Gatekeeper - Optimus Maximus

  • Share
  • Just in time for trick or treat, Michael Mayer starts up a new imprint called Fright, dedicated to horror-centric disco, or as the label calls it, "serial killer synth symphonies." What gives? Are the Germans finally catching the disco bug? Or, as one RA forum poster asked, is this "Kompakt Does It Better"? Hard to say. But a reference to the United States' premiere spooky-synth disco label will only get you so far. For while the US version promotes a kind of darkly sensual, metropolitan suspense, the Germans prefer menace and bloodlust. By all indications, the Fright agenda would appear to be trafficking in classic horror soundtracks, the territory of greats like John Carpenter, Claudio Simonetti and Goblin, which has enjoyed a mini-renaissance thanks in part to music blogs like 20 Jazz Funk Greats. Keeping in step with the Germans, the inaugural debut from Chicago's Gatekeeper largely disposes with the atmospheric end of horror music in favor of an onslaught of crushing beats. After a dense, disorienting opening with piles of synth flourishes, "Optimus Maximus" settles into an industrial lockstep, sounding like a Pretty Hate Machine instrumental with more handclaps. Mayer and crew may rep Carpenter, et al. as their main sources of inspiration, but output by labels like Wax Trax! and TVT are arguably just as influential here. The rest of the EP traffics in the same style, but trades less on musical distinction than on well-placed genre signifiers. "Visions" sounds like it was born from the ashes of its predecessor, with a jackhammer electro beat replacing the Reznor pound, and a healthy dose of pulpy Giallo dialog samples over an abundance of drum fills. The track deftly maneuvers around a churning arpeggio, which allows the groove to dissolve into atmosphere, disappear down a blind alley or get lost in an endless shadowy forest of nightmares, then suddenly gearshift back into the riff. On the flipside, "Forgotten" clears the air with a haunting bell riff—the template being, most likely, Goblin's supremely eerie score for Dario Argento's Suspiria. The sound of 1/8th note patterns walking up and down a minor scale evokes a killer tracking his prey—up a creaky staircase, down a country road at midnight, through an abandoned factory. Likewise, with its relentless electro drums, closer "Obsidian" has a hungry momentum that evokes the telltale line from Night of the Living Dead: "They're coming for you, Barbara!" To scare up their thrills and chills, Gatekeeper largely follows an approach of baroque pastiche. The horror tradition gets invoked in an excessive, overwrought way, with tunes clearly relishing in heaps of gothic bells, screaming synths and militaristic snare fills. The effect of cramming a decade of movie soundtracks into four tunes makes Gatekeeper a bit like the Andrew WK of horror disco—not that there's anything wrong with that. For someone like Mayer who's played a pivotal role in the course of minimal techno, baroque horror disco might be a way to keep the low-end lockstep but have a bit more fun at the same time. Well, and Michael's name is eerily close to the killer from Halloween...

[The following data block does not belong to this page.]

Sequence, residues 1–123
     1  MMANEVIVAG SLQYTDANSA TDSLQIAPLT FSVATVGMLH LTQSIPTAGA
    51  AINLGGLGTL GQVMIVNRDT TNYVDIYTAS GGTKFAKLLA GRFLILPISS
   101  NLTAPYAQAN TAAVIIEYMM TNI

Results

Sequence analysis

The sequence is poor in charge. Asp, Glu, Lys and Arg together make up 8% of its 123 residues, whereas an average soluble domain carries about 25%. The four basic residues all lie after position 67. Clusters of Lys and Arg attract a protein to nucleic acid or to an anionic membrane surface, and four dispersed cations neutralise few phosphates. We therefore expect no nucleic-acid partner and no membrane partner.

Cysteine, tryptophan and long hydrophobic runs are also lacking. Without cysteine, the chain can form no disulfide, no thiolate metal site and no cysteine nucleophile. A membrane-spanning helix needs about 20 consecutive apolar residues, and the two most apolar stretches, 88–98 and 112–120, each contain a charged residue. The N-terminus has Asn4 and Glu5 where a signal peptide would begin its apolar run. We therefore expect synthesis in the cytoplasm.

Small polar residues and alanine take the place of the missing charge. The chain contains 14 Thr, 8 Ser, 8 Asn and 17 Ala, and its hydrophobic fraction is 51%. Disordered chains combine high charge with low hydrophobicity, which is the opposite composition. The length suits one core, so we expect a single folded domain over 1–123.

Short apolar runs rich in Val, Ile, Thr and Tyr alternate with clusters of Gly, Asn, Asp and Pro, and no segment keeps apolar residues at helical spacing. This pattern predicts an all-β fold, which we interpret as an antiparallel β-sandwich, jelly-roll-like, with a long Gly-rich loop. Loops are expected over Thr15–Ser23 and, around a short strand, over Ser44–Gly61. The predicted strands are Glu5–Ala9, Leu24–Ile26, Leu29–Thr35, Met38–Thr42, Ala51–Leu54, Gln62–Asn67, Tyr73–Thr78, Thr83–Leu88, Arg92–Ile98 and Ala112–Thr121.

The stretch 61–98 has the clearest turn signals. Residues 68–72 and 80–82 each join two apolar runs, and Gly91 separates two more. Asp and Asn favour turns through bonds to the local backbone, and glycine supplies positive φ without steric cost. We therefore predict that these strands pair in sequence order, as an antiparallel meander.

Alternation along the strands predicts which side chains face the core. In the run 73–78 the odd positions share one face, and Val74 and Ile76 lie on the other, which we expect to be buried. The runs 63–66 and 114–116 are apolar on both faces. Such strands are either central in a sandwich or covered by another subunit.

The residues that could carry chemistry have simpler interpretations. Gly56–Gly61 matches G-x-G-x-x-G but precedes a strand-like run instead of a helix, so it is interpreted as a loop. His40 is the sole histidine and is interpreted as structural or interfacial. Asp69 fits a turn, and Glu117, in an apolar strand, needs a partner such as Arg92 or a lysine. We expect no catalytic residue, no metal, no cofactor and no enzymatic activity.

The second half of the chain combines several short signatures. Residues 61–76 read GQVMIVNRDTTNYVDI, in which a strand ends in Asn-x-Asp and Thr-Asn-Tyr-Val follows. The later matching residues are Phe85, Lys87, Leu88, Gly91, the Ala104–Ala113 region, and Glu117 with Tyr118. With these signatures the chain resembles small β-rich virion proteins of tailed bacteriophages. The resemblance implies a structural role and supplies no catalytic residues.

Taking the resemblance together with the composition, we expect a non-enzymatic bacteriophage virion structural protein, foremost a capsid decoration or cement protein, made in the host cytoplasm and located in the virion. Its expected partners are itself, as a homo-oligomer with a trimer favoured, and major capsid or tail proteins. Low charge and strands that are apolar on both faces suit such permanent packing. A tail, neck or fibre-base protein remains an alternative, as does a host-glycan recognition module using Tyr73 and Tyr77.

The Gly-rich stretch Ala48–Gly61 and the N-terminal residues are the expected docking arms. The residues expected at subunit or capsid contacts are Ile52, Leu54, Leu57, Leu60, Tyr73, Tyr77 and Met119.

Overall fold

• Tracklist
      A1 Optimus Maximus A2 Visions B1 Forgotten B2 Obsidian